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  • Proximal radioulnar joint of the elbow – The biceps brachii functions as a powerful supinator of the forearm, i.e. it turns the palm upwards. This action, which is aided by the supinator muscle, requires the humeroulnar joint of the elbow to be at least partially flexed. If the humeroulnar joint, is fully extended, supination is then primarily carried out by the supinator muscle. The biceps is a particularly powerful supinator of the forearm due to the distal attachment of the muscle at the radial tuberosity, on the opposite side of the bone from the supinator muscle. When flexed, the biceps effectively pulls the radius back into its neutral supinated position in concert with the supinator muscle.[13]: 346–347 
  • Humeroulnar joint of the elbow – The biceps brachii also functions as an important flexor of the forearm, particularly when the forearm is supinated.[1] Functionally, this action is performed when lifting an object, such as a bag of groceries or when performing a biceps curl. When the forearm is in pronation (the palm faces the ground), the brachialis, brachioradialis, and supinator function to flex the forearm, with minimal contribution from the biceps brachii. It is also important to note that regardless of forearm position, (supinated, pronated, or neutral) the force exerted by the biceps brachii remains the same; however, the brachioradialis has a much greater change in exertion depending on position than the biceps during concentric contractions. That is, the biceps can only exert so much force, and as forearm position changes, other muscles must compensate.[14]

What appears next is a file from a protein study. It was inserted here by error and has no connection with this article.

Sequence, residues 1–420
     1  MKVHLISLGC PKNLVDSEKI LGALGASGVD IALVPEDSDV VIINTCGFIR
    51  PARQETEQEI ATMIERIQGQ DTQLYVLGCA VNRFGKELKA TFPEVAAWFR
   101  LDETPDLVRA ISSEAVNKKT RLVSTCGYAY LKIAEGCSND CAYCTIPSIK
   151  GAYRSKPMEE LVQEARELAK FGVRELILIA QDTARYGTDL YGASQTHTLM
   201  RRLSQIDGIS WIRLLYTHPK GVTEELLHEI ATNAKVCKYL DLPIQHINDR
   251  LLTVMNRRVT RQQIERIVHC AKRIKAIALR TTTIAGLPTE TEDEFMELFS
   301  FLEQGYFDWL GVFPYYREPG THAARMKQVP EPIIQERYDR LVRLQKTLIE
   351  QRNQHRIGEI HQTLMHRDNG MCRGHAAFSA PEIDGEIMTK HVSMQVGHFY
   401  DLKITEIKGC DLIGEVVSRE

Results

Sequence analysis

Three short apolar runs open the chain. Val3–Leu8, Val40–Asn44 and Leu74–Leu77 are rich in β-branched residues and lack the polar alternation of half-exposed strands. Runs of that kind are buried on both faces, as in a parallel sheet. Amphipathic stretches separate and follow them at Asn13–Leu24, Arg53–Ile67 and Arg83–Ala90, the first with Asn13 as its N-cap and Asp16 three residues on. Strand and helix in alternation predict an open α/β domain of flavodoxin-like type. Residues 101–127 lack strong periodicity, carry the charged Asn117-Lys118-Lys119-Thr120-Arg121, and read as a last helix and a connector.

• Glenohumeral joint (shoulder joint) – Several weaker functions occur at the glenohumeral joint. The biceps brachii weakly assists in forward flexion of the shoulder joint (bringing the arm forward and upwards). It may also contribute to abduction (bringing the arm out to the side) when the arm is externally (or laterally) rotated. The short head of the biceps brachii also assists with horizontal adduction (bringing the arm across the body) when the arm is internally (or medially) rotated. Finally, the short head of the biceps brachii, due to its attachment to the scapula (or shoulder blade), assists with stabilization of the shoulder joint when a heavy weight is carried in the arm. The tendon of the long head of the biceps also assists in holding the head of the humerus in the glenoid cavity.[13]: 295 

Motor units in the lateral portion of the long head of the biceps are preferentially activated during elbow flexion, while motor units in the medial portion[clarification needed] are preferentially activated during forearm supination.[15]


  1. ELBOW JOINT – MUSCLES & NERVES . Noted Anatomist
  3. BICEPS . Anatomy Zone
  4. BRACHIALIS . Anatomy Zone



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